Profile: The mustard that fights crime at night while wearing a domino mask. If you cross it, you'll be put in your place.
Black mustard seeds are a staple spice in Indian cuisine. Soaking in water activates myrosinase, giving the dish strong heat and pungency. Instead, cook or toast the seeds in hot oil or ghee. No acridity, just nutty flavors. If using powdered myrosinase, add it near the end of cooking.
Yellow, brown, and black mustard seeds are available. These are utilized in Europe and Western Asia, while brown and black are used in India and the regions around it.
They all have distinct flavors. Yellow seeds have less pungency and an initial flowery sweetness. Brown seeds have an earthy horseradish flavor (though sometimes possess enough heat to burn down a barn). The impact of biting into a black seed is enough to bring about a nuclear winter.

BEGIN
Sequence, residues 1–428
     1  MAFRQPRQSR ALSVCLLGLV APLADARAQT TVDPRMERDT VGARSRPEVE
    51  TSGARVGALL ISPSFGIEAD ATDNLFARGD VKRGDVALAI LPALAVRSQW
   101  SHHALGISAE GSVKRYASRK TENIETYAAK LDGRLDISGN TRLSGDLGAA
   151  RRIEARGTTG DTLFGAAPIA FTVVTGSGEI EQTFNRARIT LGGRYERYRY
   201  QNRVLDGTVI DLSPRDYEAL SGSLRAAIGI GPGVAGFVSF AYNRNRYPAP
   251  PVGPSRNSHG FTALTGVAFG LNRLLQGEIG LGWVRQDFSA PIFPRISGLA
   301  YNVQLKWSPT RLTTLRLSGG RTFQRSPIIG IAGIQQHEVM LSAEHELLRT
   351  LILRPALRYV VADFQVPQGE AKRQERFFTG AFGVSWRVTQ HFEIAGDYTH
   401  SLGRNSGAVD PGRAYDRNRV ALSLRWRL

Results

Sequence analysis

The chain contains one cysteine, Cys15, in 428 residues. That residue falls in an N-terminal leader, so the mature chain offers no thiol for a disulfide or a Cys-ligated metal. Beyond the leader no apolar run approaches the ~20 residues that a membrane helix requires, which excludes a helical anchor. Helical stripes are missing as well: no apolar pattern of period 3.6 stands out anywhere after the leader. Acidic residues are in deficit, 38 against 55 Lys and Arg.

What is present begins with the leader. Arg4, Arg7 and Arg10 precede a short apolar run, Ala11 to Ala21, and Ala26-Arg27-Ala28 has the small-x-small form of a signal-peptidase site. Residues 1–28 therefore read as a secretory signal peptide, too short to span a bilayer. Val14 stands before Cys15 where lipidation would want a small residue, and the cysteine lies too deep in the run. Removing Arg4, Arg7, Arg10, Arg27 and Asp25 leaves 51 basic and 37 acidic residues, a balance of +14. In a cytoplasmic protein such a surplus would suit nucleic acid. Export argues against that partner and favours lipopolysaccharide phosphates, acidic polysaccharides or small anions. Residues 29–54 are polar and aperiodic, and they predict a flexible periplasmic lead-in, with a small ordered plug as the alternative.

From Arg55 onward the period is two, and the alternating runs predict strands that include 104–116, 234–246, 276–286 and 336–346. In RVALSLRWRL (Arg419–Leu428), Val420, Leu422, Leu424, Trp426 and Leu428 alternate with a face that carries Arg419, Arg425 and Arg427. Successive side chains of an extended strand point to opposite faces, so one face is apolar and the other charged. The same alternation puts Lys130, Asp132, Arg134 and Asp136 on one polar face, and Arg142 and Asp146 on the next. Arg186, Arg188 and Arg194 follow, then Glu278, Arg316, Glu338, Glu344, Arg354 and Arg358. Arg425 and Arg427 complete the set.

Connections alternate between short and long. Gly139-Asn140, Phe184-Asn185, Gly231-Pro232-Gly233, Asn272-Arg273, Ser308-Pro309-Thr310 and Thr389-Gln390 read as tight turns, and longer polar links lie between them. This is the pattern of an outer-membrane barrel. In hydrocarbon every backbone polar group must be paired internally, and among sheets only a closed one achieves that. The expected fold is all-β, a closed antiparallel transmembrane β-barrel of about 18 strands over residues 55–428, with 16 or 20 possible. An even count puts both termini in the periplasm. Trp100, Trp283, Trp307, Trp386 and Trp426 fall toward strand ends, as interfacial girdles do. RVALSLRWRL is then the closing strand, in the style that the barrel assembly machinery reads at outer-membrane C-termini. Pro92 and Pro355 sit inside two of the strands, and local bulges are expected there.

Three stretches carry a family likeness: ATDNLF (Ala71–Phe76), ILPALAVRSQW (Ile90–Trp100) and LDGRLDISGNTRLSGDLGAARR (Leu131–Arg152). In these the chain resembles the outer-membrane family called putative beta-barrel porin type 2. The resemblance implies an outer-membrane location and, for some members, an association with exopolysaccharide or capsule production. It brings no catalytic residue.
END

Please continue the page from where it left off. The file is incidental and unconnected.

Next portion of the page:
Whole seeds have minimal scent and must be mashed to release tastes. Mustard's bitter odor and piercing heat are due to the enzyme myrosinase. But it's an iffy enzyme. The enzyme's flavor blooms with water and temperature. Cold water ensures a fiery, bitter, acrid, and pungent mustard paste (possibly to the point of it being inedible if the water is ice cold). Warm water will soften it, whereas hot water will neutralize it.
|No fundamental preparation is necessary. Use whole or grind before using.
|Ways To Use:
|Black Mustard Seeds can be used whole or freshly ground. Add to vinaigrette dressings, chutneys, pickling spices, or toast for a homemade curry spice blend.
|Taste & Aroma:
|Bitter or Astringent, Pungent
|French, German, Indian, Italian, Mediterranean, Scandinavian.
|Country of Origin:
|Handling / Storage:
|Store in a cool, dry place.
|All Natural, Gluten-Free, Kosher Parve, Non-GMO.